In an effort to offset lack of funding from the recently failed Proposition 204 and local bond initiatives, the Kyrene School District Governing Board on Tuesday analyzed next year’s projected budget deficit.

Though the district has been planning for the 2013-2014 school year since June, Superintendent Dr. David Schauer said immediate steps have been taken to “curtail any unnecessary hiring or spending” with the recent rejection of the proposition that would have continued a 1-cent sales tax increase to fund education.

The district projected a nearly $8.9 million budget deficit for the upcoming fiscal year, which begins July 1.

Governing board members and financial officers will first look to a freeze in hiring and spending and reassess capital needs before considering an increase in class size or a change to programs.

“We don’t want to impact our children,” Schauer said. “And we frankly hope we won’t have to go there this next year.”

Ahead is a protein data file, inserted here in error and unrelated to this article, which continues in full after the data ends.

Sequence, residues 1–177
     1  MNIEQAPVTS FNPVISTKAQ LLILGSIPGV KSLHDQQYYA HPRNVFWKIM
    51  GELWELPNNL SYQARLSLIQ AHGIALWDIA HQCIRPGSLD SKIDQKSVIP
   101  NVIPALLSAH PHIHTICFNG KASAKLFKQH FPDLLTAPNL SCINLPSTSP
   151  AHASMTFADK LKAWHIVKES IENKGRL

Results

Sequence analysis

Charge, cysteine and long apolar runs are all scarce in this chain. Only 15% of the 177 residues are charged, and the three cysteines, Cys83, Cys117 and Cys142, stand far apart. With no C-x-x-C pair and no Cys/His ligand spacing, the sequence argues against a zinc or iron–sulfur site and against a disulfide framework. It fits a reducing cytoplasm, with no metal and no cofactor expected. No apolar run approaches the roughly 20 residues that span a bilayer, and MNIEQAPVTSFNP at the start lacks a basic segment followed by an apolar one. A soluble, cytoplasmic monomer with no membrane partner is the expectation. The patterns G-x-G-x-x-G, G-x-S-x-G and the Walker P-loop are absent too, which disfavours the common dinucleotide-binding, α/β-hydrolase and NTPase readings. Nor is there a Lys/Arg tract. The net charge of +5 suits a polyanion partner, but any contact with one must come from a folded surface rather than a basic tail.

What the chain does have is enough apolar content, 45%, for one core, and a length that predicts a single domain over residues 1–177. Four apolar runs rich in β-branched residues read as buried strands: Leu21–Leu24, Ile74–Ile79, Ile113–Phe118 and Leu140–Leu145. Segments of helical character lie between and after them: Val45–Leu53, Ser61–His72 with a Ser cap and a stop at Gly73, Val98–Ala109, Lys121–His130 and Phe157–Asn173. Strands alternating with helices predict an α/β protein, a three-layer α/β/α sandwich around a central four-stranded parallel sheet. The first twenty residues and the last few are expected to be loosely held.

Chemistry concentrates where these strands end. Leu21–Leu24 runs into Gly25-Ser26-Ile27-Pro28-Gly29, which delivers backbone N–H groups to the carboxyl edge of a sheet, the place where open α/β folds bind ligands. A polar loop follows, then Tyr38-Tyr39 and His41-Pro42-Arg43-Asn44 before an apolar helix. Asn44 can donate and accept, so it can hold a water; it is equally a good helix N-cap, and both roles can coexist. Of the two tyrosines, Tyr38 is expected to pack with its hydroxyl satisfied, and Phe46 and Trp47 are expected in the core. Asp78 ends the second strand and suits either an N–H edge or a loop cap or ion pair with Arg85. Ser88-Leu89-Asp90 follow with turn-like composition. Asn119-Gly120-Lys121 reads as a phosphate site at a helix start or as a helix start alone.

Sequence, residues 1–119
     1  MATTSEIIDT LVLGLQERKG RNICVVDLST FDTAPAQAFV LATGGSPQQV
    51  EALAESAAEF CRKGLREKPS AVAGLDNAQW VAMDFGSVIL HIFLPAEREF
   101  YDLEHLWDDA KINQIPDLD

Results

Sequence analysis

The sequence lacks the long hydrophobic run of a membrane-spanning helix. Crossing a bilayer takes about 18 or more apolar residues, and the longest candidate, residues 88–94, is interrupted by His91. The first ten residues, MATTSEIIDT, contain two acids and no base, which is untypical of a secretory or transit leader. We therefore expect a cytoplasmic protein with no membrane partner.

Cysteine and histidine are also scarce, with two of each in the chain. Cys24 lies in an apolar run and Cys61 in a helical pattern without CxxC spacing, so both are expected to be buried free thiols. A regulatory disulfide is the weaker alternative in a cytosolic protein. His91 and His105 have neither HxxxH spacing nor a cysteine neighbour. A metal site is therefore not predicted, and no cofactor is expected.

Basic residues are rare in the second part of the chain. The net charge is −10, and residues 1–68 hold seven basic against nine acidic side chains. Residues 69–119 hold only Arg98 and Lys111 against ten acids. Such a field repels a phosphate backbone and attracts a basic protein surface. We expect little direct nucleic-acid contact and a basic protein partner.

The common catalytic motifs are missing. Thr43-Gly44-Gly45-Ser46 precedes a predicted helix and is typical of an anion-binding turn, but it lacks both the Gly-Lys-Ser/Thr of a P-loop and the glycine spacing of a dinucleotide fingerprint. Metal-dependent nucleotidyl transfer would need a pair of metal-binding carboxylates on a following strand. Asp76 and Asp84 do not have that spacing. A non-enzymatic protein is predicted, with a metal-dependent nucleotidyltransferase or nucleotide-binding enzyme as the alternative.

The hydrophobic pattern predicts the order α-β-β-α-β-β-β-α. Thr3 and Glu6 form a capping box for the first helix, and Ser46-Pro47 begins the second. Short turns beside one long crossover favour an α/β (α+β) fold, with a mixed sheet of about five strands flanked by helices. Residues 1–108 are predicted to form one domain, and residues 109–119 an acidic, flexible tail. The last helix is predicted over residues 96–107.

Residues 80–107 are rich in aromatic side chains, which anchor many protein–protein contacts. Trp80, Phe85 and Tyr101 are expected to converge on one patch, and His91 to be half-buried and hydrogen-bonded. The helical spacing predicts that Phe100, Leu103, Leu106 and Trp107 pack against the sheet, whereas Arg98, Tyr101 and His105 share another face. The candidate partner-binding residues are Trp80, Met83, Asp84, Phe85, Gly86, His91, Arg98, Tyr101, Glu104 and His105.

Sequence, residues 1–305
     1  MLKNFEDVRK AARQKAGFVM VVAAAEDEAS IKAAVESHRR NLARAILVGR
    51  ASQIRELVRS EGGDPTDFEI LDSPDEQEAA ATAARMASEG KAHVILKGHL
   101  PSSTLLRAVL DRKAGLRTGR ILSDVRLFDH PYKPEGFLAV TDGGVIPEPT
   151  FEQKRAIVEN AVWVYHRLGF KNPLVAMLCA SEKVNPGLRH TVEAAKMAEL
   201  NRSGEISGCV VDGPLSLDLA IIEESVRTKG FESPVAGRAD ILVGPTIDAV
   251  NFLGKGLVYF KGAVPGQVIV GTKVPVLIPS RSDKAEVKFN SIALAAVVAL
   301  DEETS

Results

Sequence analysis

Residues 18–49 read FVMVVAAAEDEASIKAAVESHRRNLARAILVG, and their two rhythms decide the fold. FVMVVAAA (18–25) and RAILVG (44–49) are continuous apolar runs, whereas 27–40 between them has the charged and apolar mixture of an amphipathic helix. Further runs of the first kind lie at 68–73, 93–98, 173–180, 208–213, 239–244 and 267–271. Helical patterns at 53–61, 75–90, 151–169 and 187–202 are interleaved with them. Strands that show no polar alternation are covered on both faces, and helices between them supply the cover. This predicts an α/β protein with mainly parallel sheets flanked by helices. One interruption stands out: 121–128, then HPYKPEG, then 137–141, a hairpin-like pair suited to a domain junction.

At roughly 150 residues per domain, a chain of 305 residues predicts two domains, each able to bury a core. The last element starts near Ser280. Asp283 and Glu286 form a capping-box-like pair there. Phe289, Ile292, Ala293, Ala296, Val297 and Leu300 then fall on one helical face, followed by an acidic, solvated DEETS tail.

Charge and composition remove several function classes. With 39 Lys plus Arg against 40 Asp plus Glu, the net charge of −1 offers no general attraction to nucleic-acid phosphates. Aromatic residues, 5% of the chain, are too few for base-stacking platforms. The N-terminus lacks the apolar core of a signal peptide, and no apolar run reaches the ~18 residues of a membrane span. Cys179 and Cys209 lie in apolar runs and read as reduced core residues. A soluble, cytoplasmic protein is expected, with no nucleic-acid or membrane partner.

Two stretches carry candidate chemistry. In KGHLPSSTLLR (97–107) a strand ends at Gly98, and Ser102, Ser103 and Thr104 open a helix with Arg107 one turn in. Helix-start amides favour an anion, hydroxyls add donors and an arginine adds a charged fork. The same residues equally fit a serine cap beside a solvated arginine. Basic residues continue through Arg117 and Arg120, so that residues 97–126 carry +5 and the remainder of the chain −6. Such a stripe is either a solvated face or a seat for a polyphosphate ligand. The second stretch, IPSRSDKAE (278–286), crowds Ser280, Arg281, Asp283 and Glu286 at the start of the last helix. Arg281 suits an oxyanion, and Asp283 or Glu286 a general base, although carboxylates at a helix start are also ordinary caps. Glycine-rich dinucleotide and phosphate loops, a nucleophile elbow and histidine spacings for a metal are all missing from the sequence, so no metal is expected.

In the past three years, the district has cut $27 million. The deficit for the 2012-2013 school year was nearly $5.3 million.

Another step the district will take to offset the $8.9 deficit is tapping into the reserves balance. The district’s savings account, though having many restrictions on how the funds can be used, would be able to help with the deficit.

Jeremy Calles, Kyrene’s chief financial officer, said during a presentation that the reserves have about $12.7 million in unrestricted funds.

“There’s more money there than we had planned for,” said Schauer, after the district used less money from the reserves last year than expected. “It’s something that can help us.”

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